Critical Religious Education, Multiculturalism and the Pursuit of Truth. By Andrew Wright
Article first published online: 7 APR 2009
© The author 2009. Journal compilation © Trustees for Roman Catholic Purposes Registered 2009
The Heythrop Journal
Volume 50, Issue 3, pages 566–567, May 2009
How to Cite
Carmody, B. (2009), Critical Religious Education, Multiculturalism and the Pursuit of Truth. By Andrew Wright. The Heythrop Journal, 50: 566–567. doi: 10.1111/j.1468-2265.2009.00484_52.x
- Issue published online: 7 APR 2009
- Article first published online: 7 APR 2009
Pp. 290 , Cardiff , University of Wales Press , 2007 , $85.00.
Wright provides a detailed account of the history of religious education at community schools in England and Wales and contextualizes this in relation to the on-going secularization and increasing pluralism. He identifies this tradition's concern with issues of truth and shows how these have become less central in recent approaches to religious education.
In the initial discussion, the author distinguishes between truth and truthfulness. Truth is the totality of all that is, even though our knowledge of it remains partial and contingent. Still, our knowledge is not arbitrary; rather, it enables us to make informed judgments even about ultimate reality, which provide the key to truthful living. Although Wright's position appears to be rather exclusive, he repeatedly emphasizes that he is presenting a framework that is intended to invite dialogue. Indeed, the overall aim of Wright's proposal is to solicit intelligent cooperation in crafting a kind of religious education that is more satisfactory than is currently operative.
As Wright sees it, a major part of the challenge ahead is to re-align the search for truth with right living. These elements have become progressively separated in religious education over the past thirty years or so, but for Wright, ‘learning about’ and ‘learning from’ religion are inseparable.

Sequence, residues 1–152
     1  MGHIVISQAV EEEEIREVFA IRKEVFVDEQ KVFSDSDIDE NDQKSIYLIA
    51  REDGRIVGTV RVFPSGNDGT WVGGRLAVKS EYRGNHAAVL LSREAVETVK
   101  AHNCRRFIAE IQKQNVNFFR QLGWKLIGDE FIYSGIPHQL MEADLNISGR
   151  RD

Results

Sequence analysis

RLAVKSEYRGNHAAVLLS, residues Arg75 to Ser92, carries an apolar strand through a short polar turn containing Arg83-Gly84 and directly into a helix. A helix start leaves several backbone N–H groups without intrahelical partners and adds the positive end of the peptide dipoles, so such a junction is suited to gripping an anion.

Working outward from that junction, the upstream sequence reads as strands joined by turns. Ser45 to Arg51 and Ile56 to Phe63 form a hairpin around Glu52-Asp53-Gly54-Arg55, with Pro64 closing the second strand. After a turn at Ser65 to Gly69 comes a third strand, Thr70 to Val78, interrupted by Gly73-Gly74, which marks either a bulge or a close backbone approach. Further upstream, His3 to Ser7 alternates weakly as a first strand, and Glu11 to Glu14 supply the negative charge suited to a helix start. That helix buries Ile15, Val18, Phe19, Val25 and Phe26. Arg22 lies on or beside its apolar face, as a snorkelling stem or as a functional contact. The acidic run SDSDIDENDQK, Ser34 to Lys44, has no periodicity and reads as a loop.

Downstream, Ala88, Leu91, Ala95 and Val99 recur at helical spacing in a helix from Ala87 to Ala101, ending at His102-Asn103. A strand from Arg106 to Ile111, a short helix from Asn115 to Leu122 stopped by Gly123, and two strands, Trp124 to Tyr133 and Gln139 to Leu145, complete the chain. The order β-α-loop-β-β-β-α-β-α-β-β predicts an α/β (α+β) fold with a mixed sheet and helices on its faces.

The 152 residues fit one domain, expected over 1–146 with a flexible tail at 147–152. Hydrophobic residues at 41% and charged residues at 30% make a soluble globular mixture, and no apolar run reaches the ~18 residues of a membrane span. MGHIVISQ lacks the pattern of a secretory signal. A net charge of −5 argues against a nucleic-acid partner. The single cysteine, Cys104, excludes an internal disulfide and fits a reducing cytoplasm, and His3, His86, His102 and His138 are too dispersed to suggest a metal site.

Wright argues against what he terms comprehensive liberalism, where in essence one religious viewpoint is as good as any another, as long as it promotes as pivotal such values as freedom and tolerance to a degree where they become imperialistic. He uncovers their historical roots and shows how they have emerged in education through the thought of Loukes, Goldman, Erricker, Hay, White and less obviously Jackson. Wright discusses phenomenology's contribution to religious education in this development and notes that it has come to mean something quite different from what Ninian Smart, the main pioneer in this field, intended. Wright also focuses on the position of Robert Jackson who strives, like Wright, to bring truth claims toward centre stage in the study of religion. For Wright, Jackson atomizes religions and so makes overall truth claims problematical; moreover, Wright contends that Jackson's epistemological position needs further amplification, for it does not seem to be capable of addressing the other truly as other.
Religious education fails to be transformative because of a progressive lack of concern with matters of truth. It is also unsuited to the kind of dialogue that is willing to identify tensions and irreconcilable differences, even if it aspires to promote social harmony.
Wright has been criticized for failing to present concrete articulations of how his method might be implemented in the classroom. Here he presents an extended discussion of the subject in terms of a ‘variation theory of learning’. In this Wright draws on the work of Ference Marton and associates, who identify ways in which pupils experience the object of study, illustrating how their experiences require modification if they are to reach the learning outcomes set by the teacher. Perhaps in defense against the accusation of being impractical, however, Wright cautions that religious education teachers ought to refrain from moving too quickly from theory to practice; instead it is important to identify the pupils' prior experiences so that the learning space addresses what they currently lack. If this is done properly, a pupil's experience will be expanded and deepened.
Teachers, as far as Wright sees it, should strive to produce an informed, intelligent, and religously literate society. They should not aim to graduate people with capacities for relativist balance between traditions, opinions, and schools of thought. In thus stating the objective for religious education, Critical Religious Education presents a major challenge to religious educators not only in England and Wales but wherever religion is part of national curricula. The discipline is challenged to be transformative, enabling its students to engage critically with the diversity of religions and their truth claims.
Critical Religious Education, by arguing persuasively the need to address more satisfactorily the question of truth, raises the discourse to another level and provides a framework that invites creative cooperation in what is both a major and urgent task.